Monday, January 12, 2009

Our future raghead of state?

I've just been listening to Radio Four discuss whether or not the word Paki is racist or not. Well, duh. There were a couple of comments that sometimes it can depend on the context, which is obviously true, but then no attempt to discuss the context of the debate.

Yes, Prince Harry called a fellow army cadet his "little paki friend" on his home video (see highlights here). The army says its OK, the guy in question (Capt. Ahmed Raza Khan) wasn't offended, it was an in-joke between them and he has made no complaint.

Seeing as there's absolutely no way he could have heard what Harry said it's not entirely surprising that he didn't complain. It's reasonably difficult to make complaints about things you don't know have happened, and considering that he is a serving officer in Pakistan's armed forces it seems pretty unlikely that he'll ever make one even if he felt that way inclined - although that hasn't stopped his father speaking out.

But rather than umm and ah about whether paki can be a term of endearment wouldn't it be instructive to consider that in the same video our dear Prince describes another colleague as "looking like a raghead".

A palace statement has claimed that this was simply a reference to the Taliban and al-Qaida - which is simply not true, and shows how much they think of our intelligence if they think we'll fall for that one. It is not a term to describe enemy combatants alone, it's a term that is widely used in the forces to describe and dehumanise Arabs. Just as the use of the term "gook" fed into the arbitrary violence of the Vietnam conflict "raghead" bolsters the ability to shrug off whatever harm is inflicted upon the inhabitants of countries you're occupying at any given time.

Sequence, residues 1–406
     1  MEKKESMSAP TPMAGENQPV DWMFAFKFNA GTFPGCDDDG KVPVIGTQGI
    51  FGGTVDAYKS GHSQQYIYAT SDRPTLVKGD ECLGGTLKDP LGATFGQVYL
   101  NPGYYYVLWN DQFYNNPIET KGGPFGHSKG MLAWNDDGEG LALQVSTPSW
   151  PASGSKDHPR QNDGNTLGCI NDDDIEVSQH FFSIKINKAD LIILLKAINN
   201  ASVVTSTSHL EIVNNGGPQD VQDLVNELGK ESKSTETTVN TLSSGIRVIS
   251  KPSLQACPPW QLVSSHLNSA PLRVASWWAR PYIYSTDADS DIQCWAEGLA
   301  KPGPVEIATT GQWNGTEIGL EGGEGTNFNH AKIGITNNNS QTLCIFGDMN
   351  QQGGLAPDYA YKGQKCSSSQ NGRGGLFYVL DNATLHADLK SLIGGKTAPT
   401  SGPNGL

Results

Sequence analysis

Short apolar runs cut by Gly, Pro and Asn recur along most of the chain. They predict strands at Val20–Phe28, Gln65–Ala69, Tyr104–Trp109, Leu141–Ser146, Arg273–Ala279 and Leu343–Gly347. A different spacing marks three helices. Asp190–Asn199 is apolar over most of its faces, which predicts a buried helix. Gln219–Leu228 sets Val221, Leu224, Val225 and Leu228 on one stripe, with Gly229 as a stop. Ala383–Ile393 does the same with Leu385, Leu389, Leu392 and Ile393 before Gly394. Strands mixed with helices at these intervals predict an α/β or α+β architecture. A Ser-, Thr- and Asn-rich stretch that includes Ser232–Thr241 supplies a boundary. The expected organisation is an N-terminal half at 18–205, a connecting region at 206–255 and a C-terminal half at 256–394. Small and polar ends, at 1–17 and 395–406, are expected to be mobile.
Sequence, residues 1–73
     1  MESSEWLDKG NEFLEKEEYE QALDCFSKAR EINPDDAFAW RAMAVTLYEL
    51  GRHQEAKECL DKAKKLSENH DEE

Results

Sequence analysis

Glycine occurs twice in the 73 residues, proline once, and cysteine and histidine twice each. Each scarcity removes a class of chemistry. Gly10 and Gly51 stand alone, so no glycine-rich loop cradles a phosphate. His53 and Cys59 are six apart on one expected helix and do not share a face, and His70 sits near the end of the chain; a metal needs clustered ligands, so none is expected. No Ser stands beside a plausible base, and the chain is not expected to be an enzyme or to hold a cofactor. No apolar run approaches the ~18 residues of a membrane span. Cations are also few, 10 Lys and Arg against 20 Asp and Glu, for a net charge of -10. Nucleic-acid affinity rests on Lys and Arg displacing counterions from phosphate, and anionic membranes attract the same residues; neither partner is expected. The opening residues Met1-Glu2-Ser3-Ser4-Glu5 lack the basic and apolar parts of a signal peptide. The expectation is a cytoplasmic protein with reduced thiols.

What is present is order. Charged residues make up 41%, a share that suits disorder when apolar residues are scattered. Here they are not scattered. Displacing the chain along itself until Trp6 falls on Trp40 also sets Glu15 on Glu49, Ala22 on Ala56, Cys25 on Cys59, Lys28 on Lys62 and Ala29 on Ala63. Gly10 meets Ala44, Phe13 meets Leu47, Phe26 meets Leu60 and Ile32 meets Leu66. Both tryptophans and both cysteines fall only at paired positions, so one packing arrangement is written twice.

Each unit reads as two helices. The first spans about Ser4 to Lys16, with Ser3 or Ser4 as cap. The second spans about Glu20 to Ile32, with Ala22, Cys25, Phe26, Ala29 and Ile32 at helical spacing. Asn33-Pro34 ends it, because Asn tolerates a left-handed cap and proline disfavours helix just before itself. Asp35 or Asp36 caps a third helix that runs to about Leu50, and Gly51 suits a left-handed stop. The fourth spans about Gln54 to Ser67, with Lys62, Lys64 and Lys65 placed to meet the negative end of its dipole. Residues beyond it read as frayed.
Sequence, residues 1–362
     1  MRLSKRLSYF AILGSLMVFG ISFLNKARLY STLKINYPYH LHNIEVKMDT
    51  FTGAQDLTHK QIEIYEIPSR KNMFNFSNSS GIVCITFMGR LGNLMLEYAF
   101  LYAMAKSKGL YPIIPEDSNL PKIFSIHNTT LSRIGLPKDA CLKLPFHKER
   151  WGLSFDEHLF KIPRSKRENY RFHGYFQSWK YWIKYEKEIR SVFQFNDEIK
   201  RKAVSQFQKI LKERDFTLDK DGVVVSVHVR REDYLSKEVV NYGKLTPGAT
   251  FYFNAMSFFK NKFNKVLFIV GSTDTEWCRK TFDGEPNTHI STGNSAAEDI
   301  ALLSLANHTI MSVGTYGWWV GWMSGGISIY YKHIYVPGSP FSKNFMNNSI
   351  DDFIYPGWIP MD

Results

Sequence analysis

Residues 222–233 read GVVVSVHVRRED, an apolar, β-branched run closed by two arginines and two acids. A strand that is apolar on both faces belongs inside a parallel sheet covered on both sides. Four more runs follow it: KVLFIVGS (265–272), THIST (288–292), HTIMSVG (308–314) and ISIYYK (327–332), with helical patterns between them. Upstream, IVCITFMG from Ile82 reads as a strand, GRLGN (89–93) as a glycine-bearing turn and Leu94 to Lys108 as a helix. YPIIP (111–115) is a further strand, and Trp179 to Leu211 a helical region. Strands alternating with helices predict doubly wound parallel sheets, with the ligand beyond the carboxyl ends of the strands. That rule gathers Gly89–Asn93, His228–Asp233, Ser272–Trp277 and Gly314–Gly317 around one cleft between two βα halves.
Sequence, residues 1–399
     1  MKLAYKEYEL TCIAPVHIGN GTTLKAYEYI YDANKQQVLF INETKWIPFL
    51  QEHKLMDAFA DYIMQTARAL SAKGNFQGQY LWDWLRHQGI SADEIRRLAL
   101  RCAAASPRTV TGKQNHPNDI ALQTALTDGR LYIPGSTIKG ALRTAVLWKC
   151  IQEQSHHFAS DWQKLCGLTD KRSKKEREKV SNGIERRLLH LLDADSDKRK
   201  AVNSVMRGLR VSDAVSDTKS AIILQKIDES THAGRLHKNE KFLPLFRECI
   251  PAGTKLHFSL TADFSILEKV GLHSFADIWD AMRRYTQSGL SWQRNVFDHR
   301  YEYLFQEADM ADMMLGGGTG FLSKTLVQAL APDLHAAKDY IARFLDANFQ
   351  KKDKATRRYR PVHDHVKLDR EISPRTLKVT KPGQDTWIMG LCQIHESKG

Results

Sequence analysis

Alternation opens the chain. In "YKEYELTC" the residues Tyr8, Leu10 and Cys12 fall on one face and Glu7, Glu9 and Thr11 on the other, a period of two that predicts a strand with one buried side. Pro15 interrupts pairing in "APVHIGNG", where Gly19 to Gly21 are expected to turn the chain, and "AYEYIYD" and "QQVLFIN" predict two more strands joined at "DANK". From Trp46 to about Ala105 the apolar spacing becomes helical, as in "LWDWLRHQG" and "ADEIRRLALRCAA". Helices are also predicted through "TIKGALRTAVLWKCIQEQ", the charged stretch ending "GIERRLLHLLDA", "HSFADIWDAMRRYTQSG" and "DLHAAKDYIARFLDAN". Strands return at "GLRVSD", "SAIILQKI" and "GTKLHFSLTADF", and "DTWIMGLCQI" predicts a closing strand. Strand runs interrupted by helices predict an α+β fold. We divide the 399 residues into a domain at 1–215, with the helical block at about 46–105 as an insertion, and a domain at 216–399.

When you send young men abroad where they may be called upon to kill people of another colour it is useful for the army to encourage a certain amount of robust language that strips those who are to be murdered or mistreated of their worth. War is a messy business and racism greases the wheels somewhat. That doesn't make the racism more acceptable - it helps show these wars for what they are and should reinforce our opposition to them.

Do I care that a toff officer employs racist language and thinks it's funny? Umm... I'm not particularly excised by it to be honest, although it can be useful to have high profile instances that demonstrate racism is not a working class prerogative. I am irritated however by the weasel words being used to justify Harry's puerile racism. Why can't these people just call a spade a spade - or then again maybe that's the problem.

2 comments:

Infantile and Disorderly said...

It's not the most exciting story of the year, is it? Army Officer Prince is a bit racist... Surprise, bloody surprise. What is frustrating, however, is how this toppled Gaza off the headlines. In fact, I had BBC news 24 on for at least a couple of hours this morning without hearing a single thing about Gaza.

HelloKnitty said...

Although I don't exactly care (there are bigger fish to fry) nor does it surprise me that soilder in his early twenties is mildly racist, it does concern me that this particular soilder is the three in line to be our head of state. This is simply in appropriate for someone in such a position and it just basically strengthens the arguement for a republic.